February 1971 to March 1998, claiming copyright infringement
of He’s So Fine by The Chiffons.

What Is Life by George Harrison
#10 hit on the Billboard Hot 100

If Not For You by George Harrison
Written by Bob Dylan. Olivia Newton-John’s cover is the only
one with made it to the Billboard Hot 100, at #25.

Knock Three Times by Tony Orlando & Dawn
#1 hit on the Billboard Hot 100

Rose Garden by Lynn Anderson
#3 hit on the Billboard Hot 100
but a #1 hit on the Billboard country charts.

I Hear You Knocking by Dave Edmunds
#4 hit on the Billboard Hot 100

Joy To The World by Three Dog Night
#1 hit on the Billboard Hot 100
Played after every home victory by the Denver Broncos,
although probably just the refrain. I can’t see them playing,
“Jeremiah was a bullfrog….”

Lucky Man by Emerson Lake & Palmer
#48 hit in 1970 on the Billboard Hot 100 and a #51 hit in 1973.
Listen to this song with headphones!

Blue Money by Van Morrison
#23 hit on the Billboard Hot 100

Truckin’ by The Grateful Dead
#64 hit on the Billboard Hot 100
Their highest charting single until 1987.

Lonely Days by the Bee Gees
#3 hit on the Billboard Hot 100
My California cousins got me hooked on the Bee Gees in 1968.

I'm Zoey the Cool Cat, and I approve this post

Friday Flower Fiesta (10-13-17)—Stapelia gigantea

Friday Flower Fiesta

Happy Friday the Thirteenth!Master Gardener

When my wise old grandmother adopted me in December 1965, I found that I was moving in with a Master Gardener eight years before there was such a thing as a Master Gardener.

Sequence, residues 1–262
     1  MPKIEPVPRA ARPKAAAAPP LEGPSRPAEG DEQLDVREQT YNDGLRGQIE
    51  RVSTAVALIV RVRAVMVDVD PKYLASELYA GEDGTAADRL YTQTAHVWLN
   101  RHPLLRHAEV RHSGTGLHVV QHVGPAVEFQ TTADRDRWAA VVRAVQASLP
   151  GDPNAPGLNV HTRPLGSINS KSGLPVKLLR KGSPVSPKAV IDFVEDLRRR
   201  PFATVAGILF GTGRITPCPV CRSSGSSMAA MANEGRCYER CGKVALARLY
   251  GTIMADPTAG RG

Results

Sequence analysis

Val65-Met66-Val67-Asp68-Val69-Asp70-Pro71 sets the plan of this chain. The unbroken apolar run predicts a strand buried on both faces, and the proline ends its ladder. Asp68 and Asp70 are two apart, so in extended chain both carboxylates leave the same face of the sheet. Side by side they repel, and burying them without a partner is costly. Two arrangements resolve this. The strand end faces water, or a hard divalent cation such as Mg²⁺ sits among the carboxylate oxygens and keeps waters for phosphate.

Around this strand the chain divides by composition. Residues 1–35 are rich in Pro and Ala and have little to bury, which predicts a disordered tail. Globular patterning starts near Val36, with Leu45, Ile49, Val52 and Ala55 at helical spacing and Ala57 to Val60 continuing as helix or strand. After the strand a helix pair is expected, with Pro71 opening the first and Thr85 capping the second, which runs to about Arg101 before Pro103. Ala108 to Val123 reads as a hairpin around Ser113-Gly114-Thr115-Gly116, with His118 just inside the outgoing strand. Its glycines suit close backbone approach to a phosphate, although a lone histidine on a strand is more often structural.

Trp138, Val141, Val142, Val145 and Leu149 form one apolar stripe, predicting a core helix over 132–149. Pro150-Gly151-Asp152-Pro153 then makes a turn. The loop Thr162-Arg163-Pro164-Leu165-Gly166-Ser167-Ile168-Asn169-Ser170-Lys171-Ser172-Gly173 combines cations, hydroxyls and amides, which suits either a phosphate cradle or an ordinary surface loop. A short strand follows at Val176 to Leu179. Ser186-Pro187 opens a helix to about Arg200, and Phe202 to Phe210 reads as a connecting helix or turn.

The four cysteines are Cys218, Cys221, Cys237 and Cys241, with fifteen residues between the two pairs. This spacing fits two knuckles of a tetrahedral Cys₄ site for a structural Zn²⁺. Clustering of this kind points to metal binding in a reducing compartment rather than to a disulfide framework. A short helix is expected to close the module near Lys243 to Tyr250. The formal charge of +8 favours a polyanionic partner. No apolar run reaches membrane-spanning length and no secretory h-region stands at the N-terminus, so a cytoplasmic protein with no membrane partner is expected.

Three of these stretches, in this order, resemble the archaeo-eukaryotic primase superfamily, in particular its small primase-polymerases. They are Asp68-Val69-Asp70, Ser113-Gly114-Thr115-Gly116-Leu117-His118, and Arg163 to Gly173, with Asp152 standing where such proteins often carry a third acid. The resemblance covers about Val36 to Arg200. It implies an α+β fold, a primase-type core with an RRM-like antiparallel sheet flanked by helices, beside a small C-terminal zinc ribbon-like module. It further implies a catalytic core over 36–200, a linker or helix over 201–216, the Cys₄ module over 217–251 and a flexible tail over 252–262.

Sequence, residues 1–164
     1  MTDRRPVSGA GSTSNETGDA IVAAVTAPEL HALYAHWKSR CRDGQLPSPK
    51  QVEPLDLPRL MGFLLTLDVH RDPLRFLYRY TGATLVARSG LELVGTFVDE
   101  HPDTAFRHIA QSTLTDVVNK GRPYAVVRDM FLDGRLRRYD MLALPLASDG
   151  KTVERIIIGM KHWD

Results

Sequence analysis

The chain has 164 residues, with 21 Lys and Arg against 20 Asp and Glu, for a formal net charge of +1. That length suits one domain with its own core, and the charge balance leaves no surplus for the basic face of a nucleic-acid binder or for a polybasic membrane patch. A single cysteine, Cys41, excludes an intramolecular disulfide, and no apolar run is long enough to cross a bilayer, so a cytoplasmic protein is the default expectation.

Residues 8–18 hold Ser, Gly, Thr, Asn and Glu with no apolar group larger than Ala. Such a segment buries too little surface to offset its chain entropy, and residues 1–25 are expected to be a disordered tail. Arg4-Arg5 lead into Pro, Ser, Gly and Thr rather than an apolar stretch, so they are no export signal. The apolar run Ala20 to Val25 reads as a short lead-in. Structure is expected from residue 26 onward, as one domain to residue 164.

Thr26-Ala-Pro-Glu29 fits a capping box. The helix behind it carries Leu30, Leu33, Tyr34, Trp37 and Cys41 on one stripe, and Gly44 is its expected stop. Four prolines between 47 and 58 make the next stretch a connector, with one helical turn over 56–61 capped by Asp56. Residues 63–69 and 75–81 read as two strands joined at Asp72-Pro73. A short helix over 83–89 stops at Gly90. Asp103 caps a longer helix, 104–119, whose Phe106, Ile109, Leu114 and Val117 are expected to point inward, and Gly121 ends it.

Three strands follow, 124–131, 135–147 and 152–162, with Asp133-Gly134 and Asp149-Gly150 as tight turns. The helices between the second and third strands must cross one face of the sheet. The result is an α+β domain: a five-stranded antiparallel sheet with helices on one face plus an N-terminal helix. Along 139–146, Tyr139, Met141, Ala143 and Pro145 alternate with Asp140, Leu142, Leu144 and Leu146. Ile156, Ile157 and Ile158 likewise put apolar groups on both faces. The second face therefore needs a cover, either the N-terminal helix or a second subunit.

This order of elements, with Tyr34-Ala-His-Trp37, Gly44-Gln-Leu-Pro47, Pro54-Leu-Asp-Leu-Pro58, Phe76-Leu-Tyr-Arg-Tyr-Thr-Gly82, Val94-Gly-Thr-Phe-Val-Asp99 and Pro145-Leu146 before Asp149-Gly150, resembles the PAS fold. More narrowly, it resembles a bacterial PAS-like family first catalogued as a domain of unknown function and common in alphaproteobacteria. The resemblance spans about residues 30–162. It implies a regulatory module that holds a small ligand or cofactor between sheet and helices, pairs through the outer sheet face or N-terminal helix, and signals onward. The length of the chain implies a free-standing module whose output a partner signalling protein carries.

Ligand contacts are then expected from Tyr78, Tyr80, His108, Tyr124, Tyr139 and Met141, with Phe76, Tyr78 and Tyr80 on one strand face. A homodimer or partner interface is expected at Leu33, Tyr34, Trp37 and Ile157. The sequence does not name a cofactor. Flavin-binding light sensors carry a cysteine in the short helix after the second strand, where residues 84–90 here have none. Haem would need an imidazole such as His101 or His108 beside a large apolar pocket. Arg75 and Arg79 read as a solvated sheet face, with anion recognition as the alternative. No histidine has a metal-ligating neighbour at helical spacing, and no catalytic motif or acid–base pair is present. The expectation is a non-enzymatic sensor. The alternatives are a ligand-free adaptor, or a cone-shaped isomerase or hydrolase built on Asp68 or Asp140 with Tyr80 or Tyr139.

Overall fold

In September 1968, when I came home from my eighth grade plant biology class with Mrs. Bajza, I asked my wise old grandmother if I could have a small area in her yard to create my own little garden.

Earlier that year, my granddad, two uncles, and I had installed central heating and air conditioning in our South Texas home. Such a system comes with a cooling condenser which sits outside and blows hot air around at hurricane force. The wind and heat kills anything near it. So, of course, the area around the cooling condenser is what my wise old grandmother gave me. I was so sad but I didn’t let her see my sadness.

While I was over at a friend’s house—Richard Schmidt—his parents heard me talking about my useless garden. They offered to take me 70 miles down to the Rio Grande Valley and show me just how useless my garden was not. They introduced me to cactus and succulents, and I bought many on that trip.